Blockchains are digital ledger platforms that can be shared by participants such as all players in a supply chain. Secure, private industry ledgers establish a single immutable record, or single version of the digital truth, that once entered, cannot be modified. This includes data on products, shipments, deliveries, financial closings and more. In supply chain applications it can also be used to communicate electronic data interchange (EDI) codes and more, with EDI standards from barcode standards organization GS1 now supporting block chain.
“The idea of a centralized social network is just not going to exist five or 10 years in the future. There’s a membrane or a chasm between the old world and this new crypto-native universe. And we’re the conduit helping people transcend the offline into the online.” Tyler Winkevoss tells Forbes.
They’re also helping to fund the tech to make it possible, becoming seed investors in Protocol Labs, which is focused on creating a decentralized internet that works independent of today’s centralized server structure.
Many in the crypto world will know the company from Filecoin, and later this year one of their workshops happens to be on building a decentralized social network, like Facebook.
By acquiring API integration platform company Cloud Elements this year, UiPath says it is now combining enterprise-grade user interface (UI) and API-based automation capabilities in a single platform. In real terms, this is meant to give users the flexibility to automate processes using an ‘optimal mix’ (assuming they can find the sweet spot) of UI-based and API-based automation.
“By making automation both easier and faster to deploy, the UiPath Platform has the capability of significantly improving some of the most costly and time-consuming activities of the modern enterprise,” said Daniel Dines, UiPath co-founder and CEO. “The acquisition of Cloud Elements is just one example of how we are building a flexible and scalable enterprise-ready platform that helps customers become fully automated enterprises.”
As demand for online education grew, the technological capacity to facilitate this demand had grown as well. New innovations, methods and business model are constantly being implemented in the online education segment. In particular, blockchain technology could offer several significant solutions to this segment. For example, according to a report by Forbes, having a blockchain-based system to record the accreditation, track the changes over time, and enable the instantaneous verification of credentials and degrees would help increase transparency, and trust.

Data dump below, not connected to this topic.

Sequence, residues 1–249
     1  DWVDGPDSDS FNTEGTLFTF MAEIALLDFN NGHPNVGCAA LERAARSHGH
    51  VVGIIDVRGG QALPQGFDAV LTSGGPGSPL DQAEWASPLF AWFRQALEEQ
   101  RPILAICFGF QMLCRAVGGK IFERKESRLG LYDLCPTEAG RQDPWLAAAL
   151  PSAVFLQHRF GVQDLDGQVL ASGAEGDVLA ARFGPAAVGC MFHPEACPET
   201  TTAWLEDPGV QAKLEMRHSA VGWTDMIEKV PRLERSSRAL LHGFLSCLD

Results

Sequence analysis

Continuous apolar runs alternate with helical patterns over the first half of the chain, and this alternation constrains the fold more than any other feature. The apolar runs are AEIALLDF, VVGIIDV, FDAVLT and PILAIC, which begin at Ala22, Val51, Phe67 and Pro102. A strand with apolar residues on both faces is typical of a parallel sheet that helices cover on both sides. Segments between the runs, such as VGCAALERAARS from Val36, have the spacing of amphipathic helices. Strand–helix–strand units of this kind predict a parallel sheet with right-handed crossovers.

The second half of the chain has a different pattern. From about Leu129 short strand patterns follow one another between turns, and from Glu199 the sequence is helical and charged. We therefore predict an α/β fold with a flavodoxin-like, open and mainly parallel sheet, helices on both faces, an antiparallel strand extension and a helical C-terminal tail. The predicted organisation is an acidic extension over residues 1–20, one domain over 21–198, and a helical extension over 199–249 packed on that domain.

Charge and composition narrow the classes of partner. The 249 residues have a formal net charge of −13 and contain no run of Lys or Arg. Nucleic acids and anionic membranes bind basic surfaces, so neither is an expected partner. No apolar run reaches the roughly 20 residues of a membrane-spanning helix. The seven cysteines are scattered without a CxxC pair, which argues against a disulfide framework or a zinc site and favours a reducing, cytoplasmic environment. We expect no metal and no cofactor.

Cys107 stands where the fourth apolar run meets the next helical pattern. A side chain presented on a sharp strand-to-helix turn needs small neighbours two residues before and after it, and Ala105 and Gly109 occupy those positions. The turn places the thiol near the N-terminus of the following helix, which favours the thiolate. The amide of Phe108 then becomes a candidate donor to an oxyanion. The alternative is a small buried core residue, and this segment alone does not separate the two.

Carlson-Wee: We like to be very early and long-term-oriented. Our goal is to invest in breakthrough technologies that will enable new types of human organization and behavior. It’s no accident that all the things you see in the decentralized financial ecosystem are happening on top of ethereum, from capital coordination in the form of ICOs to decentralized financial primitives, like lending and trading to stablecoins and other types of synthetic assets.
Forbes reports on ThreeFold, an ambitious new “long-term project to rewire the internet in the image of its first incarnation: decentralized, unowned, accessible, free.” “We have 18,000 CPU cores and 90 million gigabytes, which is a lot of capacity,” founder Kristof de Spiegeleer told me recently on the TechFirst podcast. “It’s probably between five and ten times more than all of the capacity of all the blockchain projects together…”
Dead, dead, dead — secret, stovepipe, proprietary.
I’ve argued for a while now that we’re at or near a data tipping point beyond which lies a new world where companies analyze many fundamentally new types of data in real-time and use it to make business decisions that were previously impossible.
But after all tipping points, there are winners and losers. I believe in this case, the winners will share one really important quality: a deliberate choice in favor of leveraging open source technologies at the heart of their modern data architecture.
Posted: 03 Apr 2013 12:52 PM PDT
Swarm Economy: There is a bitcoin craze at the moment, with prices of bitcoin skyrocketing. Bitcoin is still far from ready for prime time, but as it matures, it will change society’s fundamental operations much more than the Internet did. The net, after all, only allowed people to talk and shop more efficiently. By comparison, bitcoin eradicates the government’s ability to operate.
Let’s begin by looking at what a bitcoin is. It is money. It is a new form of money that isn’t issued by a government. Governments don’t have a monopoly on coming up with things you can trade and barter with, and bitcoin is one such non-governmental barter instrument. The difference between bitcoin and all other such tokens of value that have been invented over the years is that nobody is in control of the money supply, and nobody is in control of the money flow. This means that nobody can start the printing presses to eradicate your savings, and nobody can seize or see your wealth or income. You can think of it as an open-source currency compared to proprietary, state-issued currencies.
There is no central bank. This is a revolutionary concept. People can trade cash at a distance without going through an intermediary. The first time you send the value of a cup of coffee to a friend in India on a Sunday, without any transaction fees, and they have the money instantly, without anybody but you knowing of the transaction, your jaw drops.